In an embodiment, the component-side thermal interface 220 is thermally coupled to a rack-side thermal interface 240 by one or more fluid-free heat transfer mechanisms such as a removable thermal bridge 250. In an embodiment, the thermal coupling between the component-side thermal interface 220 and the rack-side thermal interface 240 may be enhanced by providing an intermediary layer (not shown) having low thermal resistance disposed in-between. Additional detail of the enhanced thermal coupling technique is described with reference to
In an embodiment, to limit exposure of electronic devices to coolant fluid, only the rack-side thermal interface 240, the heat conductors 232, and the heat exchanger 260 may come in contact with a coolant fluid, whereas the component-side thermal interface 220, the heat conductors 230, and the component heat exchanger 210 may be substantially isolated from the coolant fluid. The serviceability of the electronic devices is further improved by use of flexible tubing for the heat conductors 232, thereby enabling the rack-side thermal interface 240 to be freely moved along rails without disrupting the coolant fluid flow.
In an embodiment, a TEC 290 is placed in series with the flow of thermal energy. In the depicted embodiment, the TEC 290 may be included in, and be a part of the component-side thermal interface 220, and another optional TEC 294, which is substantially similar to the TEC 290, may be included in, and be a part of the rack-side thermal interface 240. In an exemplary, non-depicted embodiment, the TEC 290 may directly receive the heat from the component heat exchanger 210 via the heat conductors 230, and the another TEC 294 may directly provide the heat to the heat exchanger 260 via the heat conductors 232. The TEC 290 is operable to receive an electrical input 292. In response to receiving electrical energy from the electrical input 292 and the Peltier effect, the TEC 290 lowers a temperature of a device it is thermally coupled to, e.g., the component-side thermal interface 220 and/or the rack-side thermal interface 240. Lowering of the temperature results in an increase in an amount of the heat transferred between the component-side thermal interface 220 and the rack-side thermal interface 240. The increase in the amount of heat transferred is relative to the heat transferred with the TEC 290 and/or the another TEC 294. In a particular embodiment, the TEC 290 may include a cold plate 296 that provides direct contact cooling.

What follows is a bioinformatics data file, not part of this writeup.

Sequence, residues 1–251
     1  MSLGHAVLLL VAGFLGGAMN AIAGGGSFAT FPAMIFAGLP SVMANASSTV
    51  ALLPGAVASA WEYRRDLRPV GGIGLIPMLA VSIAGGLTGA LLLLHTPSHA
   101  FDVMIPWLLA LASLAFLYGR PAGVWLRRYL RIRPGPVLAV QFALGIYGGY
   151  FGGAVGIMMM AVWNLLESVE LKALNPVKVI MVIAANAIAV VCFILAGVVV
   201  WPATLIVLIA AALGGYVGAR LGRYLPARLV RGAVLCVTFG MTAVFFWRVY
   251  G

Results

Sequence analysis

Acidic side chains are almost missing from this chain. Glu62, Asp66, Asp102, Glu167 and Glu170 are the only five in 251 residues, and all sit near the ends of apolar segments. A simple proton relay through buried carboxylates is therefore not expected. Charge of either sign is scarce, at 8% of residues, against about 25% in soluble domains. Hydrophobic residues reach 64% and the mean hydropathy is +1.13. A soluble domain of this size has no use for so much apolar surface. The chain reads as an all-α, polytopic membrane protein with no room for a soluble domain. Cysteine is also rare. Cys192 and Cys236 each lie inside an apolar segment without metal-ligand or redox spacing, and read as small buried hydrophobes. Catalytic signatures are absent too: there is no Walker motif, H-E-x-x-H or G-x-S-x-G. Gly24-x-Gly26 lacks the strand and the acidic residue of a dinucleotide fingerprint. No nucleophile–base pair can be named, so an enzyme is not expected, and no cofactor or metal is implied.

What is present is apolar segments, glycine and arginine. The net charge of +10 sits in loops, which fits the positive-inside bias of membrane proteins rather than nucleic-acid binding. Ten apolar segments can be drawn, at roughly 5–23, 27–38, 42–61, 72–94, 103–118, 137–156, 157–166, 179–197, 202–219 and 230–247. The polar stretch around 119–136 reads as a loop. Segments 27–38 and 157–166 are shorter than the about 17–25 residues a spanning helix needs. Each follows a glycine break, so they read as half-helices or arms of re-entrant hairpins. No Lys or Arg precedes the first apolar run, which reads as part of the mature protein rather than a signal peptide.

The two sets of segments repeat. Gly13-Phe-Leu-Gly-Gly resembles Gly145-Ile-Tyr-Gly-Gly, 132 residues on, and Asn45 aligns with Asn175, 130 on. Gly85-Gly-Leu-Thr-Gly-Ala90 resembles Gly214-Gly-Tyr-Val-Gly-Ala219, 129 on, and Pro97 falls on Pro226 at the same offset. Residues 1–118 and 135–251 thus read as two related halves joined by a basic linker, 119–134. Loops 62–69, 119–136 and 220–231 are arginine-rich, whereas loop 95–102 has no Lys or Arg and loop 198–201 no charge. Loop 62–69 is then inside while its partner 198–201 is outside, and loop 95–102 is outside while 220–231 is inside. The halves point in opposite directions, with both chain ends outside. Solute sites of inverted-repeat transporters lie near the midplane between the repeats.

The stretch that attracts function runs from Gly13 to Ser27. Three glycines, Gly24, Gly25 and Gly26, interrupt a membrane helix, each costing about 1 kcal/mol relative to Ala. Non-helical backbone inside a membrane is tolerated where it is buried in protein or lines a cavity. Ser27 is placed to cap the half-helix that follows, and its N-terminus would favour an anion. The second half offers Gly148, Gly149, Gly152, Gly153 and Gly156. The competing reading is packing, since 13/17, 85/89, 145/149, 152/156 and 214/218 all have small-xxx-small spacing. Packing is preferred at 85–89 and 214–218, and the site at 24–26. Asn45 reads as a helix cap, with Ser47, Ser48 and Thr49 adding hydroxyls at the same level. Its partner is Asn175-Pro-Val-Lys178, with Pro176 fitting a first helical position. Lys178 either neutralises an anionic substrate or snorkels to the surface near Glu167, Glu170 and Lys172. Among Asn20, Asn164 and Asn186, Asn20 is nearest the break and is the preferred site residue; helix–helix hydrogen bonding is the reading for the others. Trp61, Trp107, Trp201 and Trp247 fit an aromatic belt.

In an embodiment, the thermal coupling between the TEC 290 and the component-side thermal interface 220 or the rack-side thermal interface 240 may be substantially similar to the enhanced thermal coupling using an intermediary layer (not shown) having low thermal resistance disposed in-between, as described below with reference to
In an embodiment, the first and second cold plate assembly interfaces 320 and 322 are thermally coupled to a first and second rack-side heat exchangers 340 and 342 respectively. The first and second rack-side heat exchangers 340 and 342, which may be guided by a pair of rails 334 are located at either side of a rack, are thermally coupled to a central cooling system (not shown) via heat conductors 350 and 352. In an embodiment, the heat conductors 330, 332, 350 and 352 are substantially the same as the heat conductors 230 or 232 described with reference to